We’ve all worked for someone who constantly holds something back, whether it’s knowledge or resources. They act as if they’re afraid you’ll outshine them if they give you access to everything you need to do your job. Likeable leaders are unfailingly generous with whom they know, what they know, and the resources they have access to. They want you to do well more than anything else because they understand that this is their job as a leader and because they’re confident enough to never worry that your success might make them look bad. In fact, they believe that your success is their success.
Likeable leaders inspire trust and admiration through their actions, not just their words. Many leaders say that integrity is important to them, but likeable leaders walk their talk by demonstrating integrity every day. Even a leader who oozes charm won’t be likeable if that charm isn’t backed by a solid foundation of integrity.
Likeable leaders know how to read people as unspoken communication is often more important than the words people say. They note facial expressions, body language, and tone of voice in order to get what’s really going on with their people. In other words, they have high social awareness, a critical EQ skill.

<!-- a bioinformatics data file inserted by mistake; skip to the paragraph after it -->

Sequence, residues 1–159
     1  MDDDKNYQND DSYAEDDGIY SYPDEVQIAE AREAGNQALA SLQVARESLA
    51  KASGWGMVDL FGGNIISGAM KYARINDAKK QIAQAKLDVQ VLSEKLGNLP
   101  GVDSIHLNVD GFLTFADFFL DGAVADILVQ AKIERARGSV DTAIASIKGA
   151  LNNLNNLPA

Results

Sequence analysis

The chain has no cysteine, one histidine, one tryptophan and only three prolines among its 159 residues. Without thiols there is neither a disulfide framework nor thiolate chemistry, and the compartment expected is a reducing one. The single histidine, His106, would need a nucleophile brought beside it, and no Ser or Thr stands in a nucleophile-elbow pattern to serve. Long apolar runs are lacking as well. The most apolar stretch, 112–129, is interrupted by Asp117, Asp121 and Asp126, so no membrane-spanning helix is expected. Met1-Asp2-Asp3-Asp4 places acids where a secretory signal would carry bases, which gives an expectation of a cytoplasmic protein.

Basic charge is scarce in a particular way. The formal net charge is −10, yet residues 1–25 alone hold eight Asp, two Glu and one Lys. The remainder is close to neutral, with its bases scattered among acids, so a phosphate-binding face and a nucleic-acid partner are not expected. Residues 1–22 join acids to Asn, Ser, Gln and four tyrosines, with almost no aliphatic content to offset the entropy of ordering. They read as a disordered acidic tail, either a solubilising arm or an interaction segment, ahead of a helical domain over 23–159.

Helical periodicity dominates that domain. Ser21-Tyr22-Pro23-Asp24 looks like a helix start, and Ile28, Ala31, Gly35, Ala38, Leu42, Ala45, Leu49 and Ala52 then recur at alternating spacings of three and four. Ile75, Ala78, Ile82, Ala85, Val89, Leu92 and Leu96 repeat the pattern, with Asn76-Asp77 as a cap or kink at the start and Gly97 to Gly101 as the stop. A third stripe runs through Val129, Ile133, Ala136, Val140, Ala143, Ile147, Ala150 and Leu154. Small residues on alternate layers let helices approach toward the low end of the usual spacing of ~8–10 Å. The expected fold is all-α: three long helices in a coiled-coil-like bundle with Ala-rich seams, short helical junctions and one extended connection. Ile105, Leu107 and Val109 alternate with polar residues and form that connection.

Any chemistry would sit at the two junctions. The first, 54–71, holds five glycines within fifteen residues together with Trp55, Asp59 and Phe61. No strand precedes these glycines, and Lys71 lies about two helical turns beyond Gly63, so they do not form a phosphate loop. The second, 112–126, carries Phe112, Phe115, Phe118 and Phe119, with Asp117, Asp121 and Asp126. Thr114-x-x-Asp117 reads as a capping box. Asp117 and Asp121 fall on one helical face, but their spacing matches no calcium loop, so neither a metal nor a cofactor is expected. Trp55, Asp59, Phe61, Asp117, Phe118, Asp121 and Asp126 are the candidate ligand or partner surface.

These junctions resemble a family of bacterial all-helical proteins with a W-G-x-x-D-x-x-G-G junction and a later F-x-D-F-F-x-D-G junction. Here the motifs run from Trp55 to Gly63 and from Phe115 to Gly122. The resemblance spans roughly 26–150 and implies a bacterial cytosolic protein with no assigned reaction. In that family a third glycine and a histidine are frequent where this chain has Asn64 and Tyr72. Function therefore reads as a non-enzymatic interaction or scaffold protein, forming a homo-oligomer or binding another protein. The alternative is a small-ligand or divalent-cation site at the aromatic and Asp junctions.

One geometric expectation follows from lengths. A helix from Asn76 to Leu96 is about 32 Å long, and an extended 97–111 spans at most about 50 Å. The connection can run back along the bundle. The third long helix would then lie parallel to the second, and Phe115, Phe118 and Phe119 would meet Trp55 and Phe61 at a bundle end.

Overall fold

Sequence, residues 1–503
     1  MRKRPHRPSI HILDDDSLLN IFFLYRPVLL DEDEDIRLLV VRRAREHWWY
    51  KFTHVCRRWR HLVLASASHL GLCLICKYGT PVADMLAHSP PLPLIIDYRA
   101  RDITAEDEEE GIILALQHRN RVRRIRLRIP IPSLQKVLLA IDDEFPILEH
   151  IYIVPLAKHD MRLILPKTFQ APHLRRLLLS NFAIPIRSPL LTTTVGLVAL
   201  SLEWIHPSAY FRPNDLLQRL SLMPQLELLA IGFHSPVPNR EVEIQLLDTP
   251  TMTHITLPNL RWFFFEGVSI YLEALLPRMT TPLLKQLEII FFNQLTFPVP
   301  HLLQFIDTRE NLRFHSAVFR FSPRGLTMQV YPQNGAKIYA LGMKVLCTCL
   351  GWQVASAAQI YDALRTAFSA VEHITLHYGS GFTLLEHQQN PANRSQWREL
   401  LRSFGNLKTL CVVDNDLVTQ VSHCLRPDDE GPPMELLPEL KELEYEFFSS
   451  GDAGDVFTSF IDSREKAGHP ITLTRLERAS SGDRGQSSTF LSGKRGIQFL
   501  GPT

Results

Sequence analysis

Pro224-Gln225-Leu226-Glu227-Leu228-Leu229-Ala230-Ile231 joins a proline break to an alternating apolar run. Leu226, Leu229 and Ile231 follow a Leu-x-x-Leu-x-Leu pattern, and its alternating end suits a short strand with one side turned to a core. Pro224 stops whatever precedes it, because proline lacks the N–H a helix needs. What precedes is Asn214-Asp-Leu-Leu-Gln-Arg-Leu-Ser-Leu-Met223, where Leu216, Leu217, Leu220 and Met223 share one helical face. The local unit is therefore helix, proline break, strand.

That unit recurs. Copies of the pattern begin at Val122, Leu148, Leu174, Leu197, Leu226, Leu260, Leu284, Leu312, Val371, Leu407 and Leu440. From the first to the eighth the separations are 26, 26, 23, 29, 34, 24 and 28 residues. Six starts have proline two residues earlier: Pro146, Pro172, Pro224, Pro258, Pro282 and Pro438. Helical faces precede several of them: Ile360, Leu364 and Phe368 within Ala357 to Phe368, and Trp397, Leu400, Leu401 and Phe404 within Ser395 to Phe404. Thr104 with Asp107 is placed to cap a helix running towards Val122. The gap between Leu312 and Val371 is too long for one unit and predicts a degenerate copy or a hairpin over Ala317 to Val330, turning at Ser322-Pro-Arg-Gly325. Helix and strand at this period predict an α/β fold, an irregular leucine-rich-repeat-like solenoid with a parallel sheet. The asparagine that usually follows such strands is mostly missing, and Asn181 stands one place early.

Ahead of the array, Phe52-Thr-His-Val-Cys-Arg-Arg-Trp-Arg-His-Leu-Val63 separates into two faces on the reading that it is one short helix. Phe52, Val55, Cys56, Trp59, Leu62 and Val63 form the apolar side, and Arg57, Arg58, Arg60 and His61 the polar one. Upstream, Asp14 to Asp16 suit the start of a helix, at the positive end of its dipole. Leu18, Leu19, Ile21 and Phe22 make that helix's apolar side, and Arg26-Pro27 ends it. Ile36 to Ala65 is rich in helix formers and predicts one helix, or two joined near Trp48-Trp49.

Robert Brault said, “Charisma is not so much getting people to like you as getting people to like themselves when you’re around.” Likeable leaders not only see the best in their people, but they also make sure that everyone else sees it too. They draw out people’s talents so that everyone is bettering themselves and the work at hand.
Daniel Quinn said, “Charisma only wins people’s attention. Once you have their attention, you have to have something to tell them.” Likeable leaders understand that their knowledge and expertise are critical to the success of everyone who follows them. Therefore, they regularly connect with people to share their substance (as opposed to superficial small talk). Likeable leaders don’t puff themselves up or pretend to be something they’re not, because they don’t have to. They have substance, and they share it with their people.
Bringing It All Together
Likeability isn’t a birthright; it results from acquirable skills that are crucial to your professional success. And just like any other professional skills, you can study the people who have them, copy what works, and adapt them to your own style. Try these ten strategies and watch your likeability soar.
What qualities describe the best and worst bosses that you’ve ever worked for? Please share your thoughts in the comments section below, as I learn just as much from you as you do from me.
Dr. Travis Bradberry is the award-winning co-author of the #1 bestselling book, Emotional Intelligence 2.0, and the cofounder of TalentSmart, the world’s leading provider of emotional intelligence tests, emotional intelligence training, and emotional intelligence certification, serving more than 75% of Fortune 500 companies. His bestselling books have been translated into 25 languages and are available in more than 150 countries.